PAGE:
Antenna (biology)

From New World Encyclopedia
Insects display a wide variety of antennal shapes.

Antennae (singular antenna) are paired appendages connected to the anterior-most segments of arthropods. In crustaceans, they are present on the first two segments of the head, with the smaller pair known as antennules and the larger pair biramous (branched). All other arthropod groups, except chelicerates and proturans (which have none), have a single, uniramous pair of antennae, such as Myriapoda (millipedes, centipedes), Insecta (insects), and the extinct Trilobita (trilobites).

Arthropods (phylum Arthropoda) are invertebrates that are characterized by the possession of a segmented body, a pair of jointed appendages on each segment, and an exoskeleton. The jointed appendages include antennae as well as legs. The antennae are jointed at least at the base. There are a wide diversity of forms, adding to the diversity of nature.

Arthropod antennae generally extend forward from the head. They are sensory organs, although the exact nature of what they sense and how they sense it is not the same in all groups, nor always clear. Functions may variously include sensing touch, air motion, heat, vibration (sound), and especially olfaction (smell) or gustation (taste).

The word antenna has also been used as a common metaphor, "spiritual antenna," in a variety of religious and spiritual disciplines, including Christianity and Buddhism. Just as antenna are sensory organs, spiritual antenna signify openness to a sixth sense, intuition, or spiritual reality.

Many crustaceans and insects can regenerate antennas, as well as legs and claws.


Antennal shape in the Lepidoptera from C. T. Bingham (1905)

Insects are distinguished from other arthropods by having three pairs of jointed legs; an abdomen that is divided into 11 segments and lacks any legs or wings; and a body separated into three parts (head, thorax, and abdomen). They have one pair of antennae on the head.

In insects, olfactory receptors on the antennae bind to odor molecules, including pheromones. The neurons that possess these receptors signal this binding by sending action potentials down their axons to the antennal lobe in the brain. From there, neurons in the antennal lobes connect to mushroom bodies that identify the odor. The sum of the electrical potentials of the antenna to a given odor can be measured using an electroantenogram.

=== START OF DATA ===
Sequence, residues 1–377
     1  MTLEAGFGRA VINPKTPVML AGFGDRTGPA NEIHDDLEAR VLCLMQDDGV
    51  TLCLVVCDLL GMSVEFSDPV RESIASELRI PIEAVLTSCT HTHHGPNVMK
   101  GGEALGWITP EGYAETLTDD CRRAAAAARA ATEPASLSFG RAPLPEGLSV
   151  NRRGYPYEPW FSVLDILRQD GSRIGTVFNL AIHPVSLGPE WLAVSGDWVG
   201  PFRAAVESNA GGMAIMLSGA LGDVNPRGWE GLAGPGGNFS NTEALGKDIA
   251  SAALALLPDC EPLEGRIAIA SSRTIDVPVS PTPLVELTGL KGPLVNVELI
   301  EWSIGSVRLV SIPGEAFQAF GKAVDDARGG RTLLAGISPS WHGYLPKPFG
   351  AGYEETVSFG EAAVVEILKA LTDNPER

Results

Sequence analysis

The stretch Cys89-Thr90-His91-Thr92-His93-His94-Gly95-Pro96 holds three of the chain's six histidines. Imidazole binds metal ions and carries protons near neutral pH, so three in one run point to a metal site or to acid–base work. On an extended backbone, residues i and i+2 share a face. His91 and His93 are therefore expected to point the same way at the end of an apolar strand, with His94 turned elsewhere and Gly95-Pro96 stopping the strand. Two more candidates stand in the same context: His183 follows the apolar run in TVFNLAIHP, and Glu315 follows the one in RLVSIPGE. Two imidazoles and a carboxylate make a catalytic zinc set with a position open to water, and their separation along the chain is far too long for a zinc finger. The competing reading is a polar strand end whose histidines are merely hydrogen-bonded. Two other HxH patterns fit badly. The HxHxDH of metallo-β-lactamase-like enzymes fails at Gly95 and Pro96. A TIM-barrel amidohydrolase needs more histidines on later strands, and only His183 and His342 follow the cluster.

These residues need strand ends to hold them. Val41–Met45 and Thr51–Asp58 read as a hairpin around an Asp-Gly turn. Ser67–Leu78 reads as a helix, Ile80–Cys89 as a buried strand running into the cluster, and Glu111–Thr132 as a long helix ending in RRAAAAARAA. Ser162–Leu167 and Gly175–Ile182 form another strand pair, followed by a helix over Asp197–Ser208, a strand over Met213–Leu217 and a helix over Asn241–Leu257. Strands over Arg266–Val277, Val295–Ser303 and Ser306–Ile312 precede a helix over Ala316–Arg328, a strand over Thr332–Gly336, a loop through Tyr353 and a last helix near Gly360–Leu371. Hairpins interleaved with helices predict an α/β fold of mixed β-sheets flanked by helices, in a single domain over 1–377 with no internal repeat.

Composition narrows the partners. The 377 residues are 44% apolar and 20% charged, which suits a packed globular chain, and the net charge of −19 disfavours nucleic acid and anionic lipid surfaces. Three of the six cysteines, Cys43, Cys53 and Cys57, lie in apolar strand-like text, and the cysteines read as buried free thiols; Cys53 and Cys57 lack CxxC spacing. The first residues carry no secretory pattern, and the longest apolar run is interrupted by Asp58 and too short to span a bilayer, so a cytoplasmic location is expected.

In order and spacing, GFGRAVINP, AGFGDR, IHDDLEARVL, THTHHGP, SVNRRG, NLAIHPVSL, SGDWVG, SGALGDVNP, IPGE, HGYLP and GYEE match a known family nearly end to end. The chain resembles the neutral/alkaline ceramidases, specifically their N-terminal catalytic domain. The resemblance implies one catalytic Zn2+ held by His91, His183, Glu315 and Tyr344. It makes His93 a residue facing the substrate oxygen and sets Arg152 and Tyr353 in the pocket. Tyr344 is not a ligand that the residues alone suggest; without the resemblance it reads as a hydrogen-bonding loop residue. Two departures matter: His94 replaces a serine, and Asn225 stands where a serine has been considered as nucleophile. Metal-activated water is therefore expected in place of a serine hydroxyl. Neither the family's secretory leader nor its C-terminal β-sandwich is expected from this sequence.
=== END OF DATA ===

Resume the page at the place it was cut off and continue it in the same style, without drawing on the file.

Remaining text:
The three basic segments of the typical insect antenna are the scape (base), the pedicel (stem), and finally the flagellum, which often comprises many units known as flagellomeres. (The number of flagellomeres can vary greatly, and is often of diagnostic importance.) True flagellomeres have a membranous articulation between them, but in many insects, especially the more primitive groups, the flagellum is entirely or partially composed of a flexible series of small annuli, which are not true flagellomeres. In many beetles and in the chalcidoid wasps, the apical flagellomeres form a club, and the collective term for the segments between the club and the antennal base is the funicle (or funiculus). For traditional reasons, in beetles it is the segments between the club and the scape, but in wasps, it is the segments between the club and the pedicel. In the groups with more uniform antennae (for example: Diplopoda), all segments are called antennomeres. Some groups have a simple or variously modified apical or subapical bristle called an arista (this may be especially well-developed in various Diptera).


Crustaceans are the group of arthropods that includes the familiar crabs, lobsters, shrimps, barnacles, copepods, krill, water fleas, and crayfish. Crustaceans are characterized by having branched (biramous) appendages, an exoskeleton made up of chitin and calcium, and paired appendages that act like jaws, with three pairs of biting mouthparts.

Crustaceans are also characterized by two pairs of antennae that extend in front of the mouth. The first pair are uniramous (single series of segments attached end-to-end) and are often referred to an antennules. The second pair are biramous, meaning that each antenna branches into two, and each branch consists of a series of segments attached end-to-end.

In most adults, the antenna are sensory organs, but they are used by the nauplius larva for both feeding and swimming. The peculiar structure of the second of the male anostracan allow it to be used to attach to a female as it swims in copulation (Hunter 1969). In some groups of crustaceans, such as the spiny lobsters and slipper lobsters, the second antennae are enlarged, while in others, such as crabs, the antennae are reduced in size.

ISBN links support NWE through referral fees

  • Loudon, C. 2003. The biomechanical design of an insect antenna as an odor capture device. In G. Blomquist and R. Vogt (eds.), Insect Pheromone Biochemistry and Molecular Biology: The Biosynthesis and Detection of Pheromones and Plant Volatiles, pp. 609–630. Amsterdam: Elsevier/Academic Press. ISBN 0121071510.
  • Russell-Hunter, W. D. 1969. A Biology of Higher Invertebrates. London: Macmillan Company.
  • Schütz, S., B. Weissbecker, H. E. Hummel, K.H. Apel, H. Schmitz, and H. Bleckmann. 1999. Insect antenna as a smoke detector. Nature 398: 298-299.
  • Towle, A. 1989. Modern Biology. Austin, TX: Holt, Rinehart and Winston. ISBN 0030139198.

External links

All links retrieved October 30, 2021.


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